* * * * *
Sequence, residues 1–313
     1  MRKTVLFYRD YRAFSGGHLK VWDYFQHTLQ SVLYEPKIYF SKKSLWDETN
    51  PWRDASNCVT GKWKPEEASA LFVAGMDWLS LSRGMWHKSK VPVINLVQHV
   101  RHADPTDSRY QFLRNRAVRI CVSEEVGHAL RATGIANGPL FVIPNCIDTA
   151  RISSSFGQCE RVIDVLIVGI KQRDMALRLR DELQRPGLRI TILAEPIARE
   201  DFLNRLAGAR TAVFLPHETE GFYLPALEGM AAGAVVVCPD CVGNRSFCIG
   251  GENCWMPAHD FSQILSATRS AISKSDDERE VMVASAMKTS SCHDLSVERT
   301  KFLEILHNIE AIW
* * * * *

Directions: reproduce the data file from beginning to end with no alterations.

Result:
Sequence, residues 1–313
     1  MRKTVLFYRD YRAFSGGHLK VWDYFQHTLQ SVLYEPKIYF SKKSLWDETN
    51  PWRDASNCVT GKWKPEEASA LFVAGMDWLS LSRGMWHKSK VPVINLVQHV
   101  RHADPTDSRY QFLRNRAVRI CVSEEVGHAL RATGIANGPL FVIPNCIDTA
   151  RISSSFGQCE RVIDVLIVGI KQRDMALRLR DELQRPGLRI TILAEPIARE
   201  DFLNRLAGAR TAVFLPHETE GFYLPALEGM AAGAVVVCPD CVGNRSFCIG
   251  GENCWMPAHD FSQILSATRS AISKSDDERE VMVASAMKTS SCHDLSVERT
   301  KFLEILHNIE AIW